Even about a year ago, Elgin Lane used to be one of the quietest cul-de-sacs in the city. It has only two buildings bearing its postal address. In pre-Independence days, it used to go by the very evocative name of Peepul Putty. But long before CMC had made renaming streets its favourite pastime, it got its current name. At one end it opens on Elgin Road, rubbing shoulders with Netaji Bhawan.

A hoarding bearing the portrait of Netaji and a picture of the car in which he made his “Great escape” in 1941 establishes the presence of the house after which a Metro station has been named. Unlike most grand old houses on the road, this house looks as good as new. A canopy of neem and other trees keeps it cool even in the height of summer.

The lane — the narrowest section of it — wriggles past the Bhawan and the huge CESC building standing an arm’s length away. CESC has tightened security by installing barbed wire fencing on top of the boundary wall. There is an abundance of flowering trees inside, and the lane smells like a scent factory. After dark, it turns into a favourite tryst of necking couples. The backdoors of at least two buildings open on this lane and on a summer afternoon, one can detect stains of grease in front of them. Perhaps somebody has tried to feed a pet cat with leftovers of lunch.

Number 1 Elgin Lane begins almost at the same point where the Netaji Bhawan wall ends. This house is named Anup Kunj, and it is of no recent vintage. The Jains have lived here for the past 25 years. Ramesh, one of the Jain brothers, says he is a transport operator from Mohammad Ali Park, and he points at the wooden staircase, red floors and high ceiling as proof of the buildings’ antiquity.

A giant TV with large speakers occupies pride of place in his bedroom, adorned with a vase also afflicted with gigantism. Pictures of Mahavira hang on the wall. His daughter Shilpa is smartly turned out in jeans, as is his young son.

Number 2 Elgin Lane became a household name after Kewpie’s Kitchen, perhaps the only classy restaurant in the city where Bengali food is served, opened there. It is a charming house, about 140 years old, but thanks to constant repairs, it looks younger than its years.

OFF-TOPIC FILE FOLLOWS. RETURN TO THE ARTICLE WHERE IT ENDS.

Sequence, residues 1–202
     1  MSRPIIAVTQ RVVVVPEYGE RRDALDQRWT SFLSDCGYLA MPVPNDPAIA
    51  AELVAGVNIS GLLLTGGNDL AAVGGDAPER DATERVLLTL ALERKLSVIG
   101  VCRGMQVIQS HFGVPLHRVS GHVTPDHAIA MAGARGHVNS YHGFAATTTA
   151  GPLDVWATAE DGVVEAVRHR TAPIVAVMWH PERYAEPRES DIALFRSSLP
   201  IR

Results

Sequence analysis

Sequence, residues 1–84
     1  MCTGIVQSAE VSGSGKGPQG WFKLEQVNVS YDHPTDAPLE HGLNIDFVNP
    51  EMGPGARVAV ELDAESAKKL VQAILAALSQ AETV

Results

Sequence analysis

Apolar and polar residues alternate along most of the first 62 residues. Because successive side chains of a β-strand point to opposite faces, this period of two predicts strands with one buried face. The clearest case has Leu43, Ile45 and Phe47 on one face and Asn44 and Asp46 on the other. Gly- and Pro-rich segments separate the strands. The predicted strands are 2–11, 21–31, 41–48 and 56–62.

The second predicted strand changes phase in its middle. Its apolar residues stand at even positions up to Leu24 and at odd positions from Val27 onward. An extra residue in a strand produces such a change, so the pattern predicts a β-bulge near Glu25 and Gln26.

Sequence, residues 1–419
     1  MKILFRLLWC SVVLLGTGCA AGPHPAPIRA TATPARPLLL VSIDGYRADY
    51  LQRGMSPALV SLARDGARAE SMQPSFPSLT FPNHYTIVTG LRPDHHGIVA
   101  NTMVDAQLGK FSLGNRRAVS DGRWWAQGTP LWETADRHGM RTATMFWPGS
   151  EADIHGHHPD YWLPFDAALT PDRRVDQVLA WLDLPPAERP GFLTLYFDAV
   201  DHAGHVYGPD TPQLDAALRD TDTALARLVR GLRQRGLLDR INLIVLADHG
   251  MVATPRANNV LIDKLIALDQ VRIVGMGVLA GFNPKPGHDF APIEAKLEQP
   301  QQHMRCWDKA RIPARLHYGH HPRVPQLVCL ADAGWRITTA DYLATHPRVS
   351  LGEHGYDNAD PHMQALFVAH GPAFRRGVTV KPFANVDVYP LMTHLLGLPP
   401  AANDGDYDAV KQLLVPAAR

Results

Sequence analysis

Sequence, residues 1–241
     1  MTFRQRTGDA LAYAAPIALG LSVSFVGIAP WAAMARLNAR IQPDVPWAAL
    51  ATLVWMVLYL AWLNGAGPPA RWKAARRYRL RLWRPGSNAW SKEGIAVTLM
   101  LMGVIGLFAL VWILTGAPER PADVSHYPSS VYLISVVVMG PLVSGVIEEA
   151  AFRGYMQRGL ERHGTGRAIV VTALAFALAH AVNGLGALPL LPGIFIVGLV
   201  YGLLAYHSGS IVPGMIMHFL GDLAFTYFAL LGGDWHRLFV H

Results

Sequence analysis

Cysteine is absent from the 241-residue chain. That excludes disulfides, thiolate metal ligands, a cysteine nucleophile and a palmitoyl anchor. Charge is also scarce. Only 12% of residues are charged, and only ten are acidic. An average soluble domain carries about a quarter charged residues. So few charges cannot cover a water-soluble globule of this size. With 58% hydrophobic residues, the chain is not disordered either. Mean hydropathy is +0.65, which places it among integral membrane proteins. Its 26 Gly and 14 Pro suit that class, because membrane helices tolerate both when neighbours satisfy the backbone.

Prateep Kumar Das Gupta, present owner of the building, has lived here since 1941. The living room with its fat sofas, carpets, statuettes and pictures in no particular order looks delightfully old world. A four-poster dominates his bedroom.

In his 70s, Das Gupta remembers how budding cricketers, including Dilip Doshi, used to play in the lane. “This used to be a hundred per cent Bengali neighbourhood. Suchitra Mitra used to live in this house when she was still a Mukherjee, and the Kirtan singer Radharani Debi and her husband was our neighbour. A judge lived at number 1, and before that C.R. Das’ son-in-law, Bhaskar Mukherjee, who was CEO of CMC, occupied the house. He changed the name of this lane,” he rambles. Kewpie’s is on the groundfloor and it blends seamlessly with the ambience of the lane.

Ahead of Number 2 is the oxygen dealer who home-delivers the life-giving gas, and though this is the last house on this lane, its address is 9A Heysham Road.

There used to be an orchard opposite these three houses but the residents lost the paradise after Sukh Shanti Kunj, two apartment blocks of five storeys each, was foisted on it a little more than a year ago. During construction, a wall of Netaji Bhawan subsided, to be rebuilt again. Sukh Shanti Kunj is to Elgin Lane what chalk is to cheese, and the old residents of once-sleepy Elgin Lane fear that the peace has been shattered forever.